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# What materials can X-Rays not pass through?

## 18 posts in this topic

I've been researching for a while now but i can't find anything that answers my question.

I'd like to know what are the radiopaque materials? That is, which materials can x-rays not pass through?

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I don't know but a google search came up with barium sulphate.

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yeah, Barium Sulphates a good one, but the original question is still too vague in the respect that theres no mention of Power levels or Type, such as Hard or Soft X-Rays, one could argue that Lead is another Blocker, but then thats only partly true also, as its efficiency depends upon many other factors.

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You could also argue that a blackhole is radiopaque

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Ill bring that up the next time I see a Radiologist for an X-Ray

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As YT said, the energy matters, but nothing is actually opaque, really; it's a matter of being more or less transparent. In terms of e.g. taking an x-ray picture, you get contrast so the film is more or less exposed, and materials like lead will be better at shielding, but some fraction of x-rays will pass through, depending on the thickness (it's an exponential function, $e^{-\lambda L}$ ).

If you want materials that are good at stopping x-rays, you want a large linear attenuation coefficient, $\lambda$

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I've been researching for a while now but i can't find anything that answers my question.

I'd like to know what are the radiopaque materials? That is' date=' which materials can x-rays not pass through?

Theoretically anything as long as there is enough of it

Cheers,

Ryan Jones

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When I worked in Oak Ridge, our sister plant, the National Lab, had a swimming pool where they put hot/radioactive stuff from their experimental reactor. It was sort of weird walking along the catwalk and seeing the things glowing blue under the water. I believe about 20 ft or so of water is sufficient as an radiation shield including X-rays. This taught me a strategy if there ever was a nuclear incident nearby. If deep water is available, dive as deep as possible.

Another good shield is lead. If one gets an X-ray, this provides the family jewels some protection. Berylium is also good.

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Another good shield is lead. If one gets an X-ray, this provides the family jewels some protection. Berylium is also good.

Berylium? Is this the same Berylium that has an attenuation coefficient of about 0.25/cm at 100 keV (as compared to Pb, with a value of 50/cm)?

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I think he meant barium.

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Pretty much any heavy, dense metal (or in some cases metal salts) will be good at blocking radiation. Uranium metal is actually VERY good at blocking gamma rays and x-rays, ironically enough.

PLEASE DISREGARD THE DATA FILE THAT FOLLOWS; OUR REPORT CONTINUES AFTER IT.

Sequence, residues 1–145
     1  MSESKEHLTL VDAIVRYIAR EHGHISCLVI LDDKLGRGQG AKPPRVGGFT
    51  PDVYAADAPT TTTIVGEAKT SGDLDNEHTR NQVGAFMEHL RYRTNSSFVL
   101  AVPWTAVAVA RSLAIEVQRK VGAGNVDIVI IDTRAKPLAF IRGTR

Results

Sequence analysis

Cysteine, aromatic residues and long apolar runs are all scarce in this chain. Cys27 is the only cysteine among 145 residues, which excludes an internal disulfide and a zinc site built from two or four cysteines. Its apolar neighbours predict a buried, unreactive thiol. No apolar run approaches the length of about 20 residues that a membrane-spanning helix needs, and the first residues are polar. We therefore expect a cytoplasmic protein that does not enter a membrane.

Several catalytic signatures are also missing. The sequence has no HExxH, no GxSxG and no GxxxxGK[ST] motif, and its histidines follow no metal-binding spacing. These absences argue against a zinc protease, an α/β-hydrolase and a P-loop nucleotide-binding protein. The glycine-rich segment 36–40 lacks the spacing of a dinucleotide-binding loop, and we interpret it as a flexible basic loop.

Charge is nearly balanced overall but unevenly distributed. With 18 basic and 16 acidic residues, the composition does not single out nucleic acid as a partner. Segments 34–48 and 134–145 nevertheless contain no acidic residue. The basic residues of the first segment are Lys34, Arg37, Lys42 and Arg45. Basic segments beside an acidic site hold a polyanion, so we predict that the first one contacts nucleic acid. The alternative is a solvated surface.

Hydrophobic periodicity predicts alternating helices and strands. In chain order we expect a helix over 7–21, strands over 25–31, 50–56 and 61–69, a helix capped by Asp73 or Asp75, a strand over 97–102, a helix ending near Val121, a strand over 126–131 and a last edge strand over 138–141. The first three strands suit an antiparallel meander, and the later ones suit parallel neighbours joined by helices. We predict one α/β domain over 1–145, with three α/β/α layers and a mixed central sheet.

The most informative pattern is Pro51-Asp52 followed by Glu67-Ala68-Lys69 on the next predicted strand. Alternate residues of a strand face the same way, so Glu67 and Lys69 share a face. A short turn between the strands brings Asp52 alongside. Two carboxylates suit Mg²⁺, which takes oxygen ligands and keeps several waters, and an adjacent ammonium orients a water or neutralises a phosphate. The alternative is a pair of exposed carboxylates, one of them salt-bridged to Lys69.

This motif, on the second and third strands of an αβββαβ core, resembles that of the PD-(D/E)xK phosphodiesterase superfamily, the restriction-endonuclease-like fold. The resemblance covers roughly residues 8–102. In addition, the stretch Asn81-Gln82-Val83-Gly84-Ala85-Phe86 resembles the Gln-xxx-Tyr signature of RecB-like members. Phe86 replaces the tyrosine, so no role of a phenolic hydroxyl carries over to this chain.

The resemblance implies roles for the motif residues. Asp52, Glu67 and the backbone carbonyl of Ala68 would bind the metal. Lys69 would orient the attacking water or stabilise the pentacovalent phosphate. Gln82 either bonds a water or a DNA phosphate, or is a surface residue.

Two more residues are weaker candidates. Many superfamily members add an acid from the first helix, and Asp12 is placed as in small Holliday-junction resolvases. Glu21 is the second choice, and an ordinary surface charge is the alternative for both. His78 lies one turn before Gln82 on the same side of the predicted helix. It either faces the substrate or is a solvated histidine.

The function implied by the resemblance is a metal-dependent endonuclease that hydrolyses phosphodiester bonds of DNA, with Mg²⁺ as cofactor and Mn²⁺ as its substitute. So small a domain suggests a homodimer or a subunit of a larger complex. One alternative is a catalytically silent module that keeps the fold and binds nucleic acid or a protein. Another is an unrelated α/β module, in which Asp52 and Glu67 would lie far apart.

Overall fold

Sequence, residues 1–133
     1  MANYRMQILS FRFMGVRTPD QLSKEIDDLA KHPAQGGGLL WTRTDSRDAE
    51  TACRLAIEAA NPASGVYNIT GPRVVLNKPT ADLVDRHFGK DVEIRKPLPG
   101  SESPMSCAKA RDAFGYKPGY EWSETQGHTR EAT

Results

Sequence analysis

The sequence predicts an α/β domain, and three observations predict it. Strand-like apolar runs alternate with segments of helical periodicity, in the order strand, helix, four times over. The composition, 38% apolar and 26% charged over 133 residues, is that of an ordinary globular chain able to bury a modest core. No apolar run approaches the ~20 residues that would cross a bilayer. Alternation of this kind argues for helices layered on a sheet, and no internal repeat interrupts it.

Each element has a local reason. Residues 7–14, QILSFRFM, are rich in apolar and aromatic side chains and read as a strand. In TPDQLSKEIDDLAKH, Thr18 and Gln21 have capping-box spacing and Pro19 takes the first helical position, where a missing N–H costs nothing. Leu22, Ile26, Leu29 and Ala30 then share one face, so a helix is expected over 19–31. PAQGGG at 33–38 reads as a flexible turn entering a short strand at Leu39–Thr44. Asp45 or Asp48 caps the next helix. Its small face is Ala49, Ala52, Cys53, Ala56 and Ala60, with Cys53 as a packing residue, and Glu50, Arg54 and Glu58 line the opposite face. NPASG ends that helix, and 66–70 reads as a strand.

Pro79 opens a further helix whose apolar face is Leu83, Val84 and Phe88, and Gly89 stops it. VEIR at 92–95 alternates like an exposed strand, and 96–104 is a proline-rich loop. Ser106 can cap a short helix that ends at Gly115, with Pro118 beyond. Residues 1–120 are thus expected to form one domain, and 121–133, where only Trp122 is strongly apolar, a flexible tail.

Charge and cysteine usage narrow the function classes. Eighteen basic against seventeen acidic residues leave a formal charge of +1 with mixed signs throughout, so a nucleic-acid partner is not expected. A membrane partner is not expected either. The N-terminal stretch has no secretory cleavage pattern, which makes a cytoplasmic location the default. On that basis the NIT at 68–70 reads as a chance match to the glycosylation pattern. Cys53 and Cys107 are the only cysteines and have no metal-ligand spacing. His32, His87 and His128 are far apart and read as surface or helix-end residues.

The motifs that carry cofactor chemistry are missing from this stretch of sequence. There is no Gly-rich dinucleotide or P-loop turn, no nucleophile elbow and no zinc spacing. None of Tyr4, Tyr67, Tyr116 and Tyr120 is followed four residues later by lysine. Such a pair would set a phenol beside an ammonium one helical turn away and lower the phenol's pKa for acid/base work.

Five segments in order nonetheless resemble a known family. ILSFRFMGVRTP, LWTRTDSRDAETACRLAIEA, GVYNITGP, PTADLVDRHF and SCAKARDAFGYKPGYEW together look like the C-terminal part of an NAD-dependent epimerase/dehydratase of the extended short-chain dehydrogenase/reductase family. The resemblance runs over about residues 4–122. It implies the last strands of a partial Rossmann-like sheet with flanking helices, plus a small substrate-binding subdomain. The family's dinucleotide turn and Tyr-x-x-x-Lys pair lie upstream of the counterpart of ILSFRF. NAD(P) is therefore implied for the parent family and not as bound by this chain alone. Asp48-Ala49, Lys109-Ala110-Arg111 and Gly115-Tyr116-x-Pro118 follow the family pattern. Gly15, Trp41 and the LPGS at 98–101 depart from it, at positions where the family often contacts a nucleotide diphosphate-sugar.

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I think he meant barium.

or perhaps Bismuth? I think Ide trust that alot more out of the "B" letter metals

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about a foot of concrete would work too.

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I want no about materials which has very low X Ray absorbing property. The material should be transparent like glass. It has to be safe for medical instrument

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X-rays are ionizing radiation. You'll want something with a low atomic density and low atomic number to minimize the number of potential targets.

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I just thought I'd drop in a possibly interesting note about X-Rays ...

... that X-Rays are highly useful in medical applications because they don't pass through all materials equally well.

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I want no about materials which has very low X Ray absorbing property. The material should be transparent like glass. It has to be safe for medical instrument

I know that for composites, carbon fibre is preferred over glass fibre in the X-ray range. Quite the opposite of the visible range.

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I just thought I'd drop in a possibly interesting note about X-Rays ...

... that X-Rays are highly useful in medical applications because they don't pass through all materials equally well.

That's correct, but also causes problems. When the dentists took an XRay of my tooth, they could see inside of the roots just fine, but they could not see inside the upper part of the tooth that was covered by a metal crown.

Also, Doctors and Dentists don't use photographic film any more. The X Rays are captured by solid state sensors.

Edited by Bill Angel
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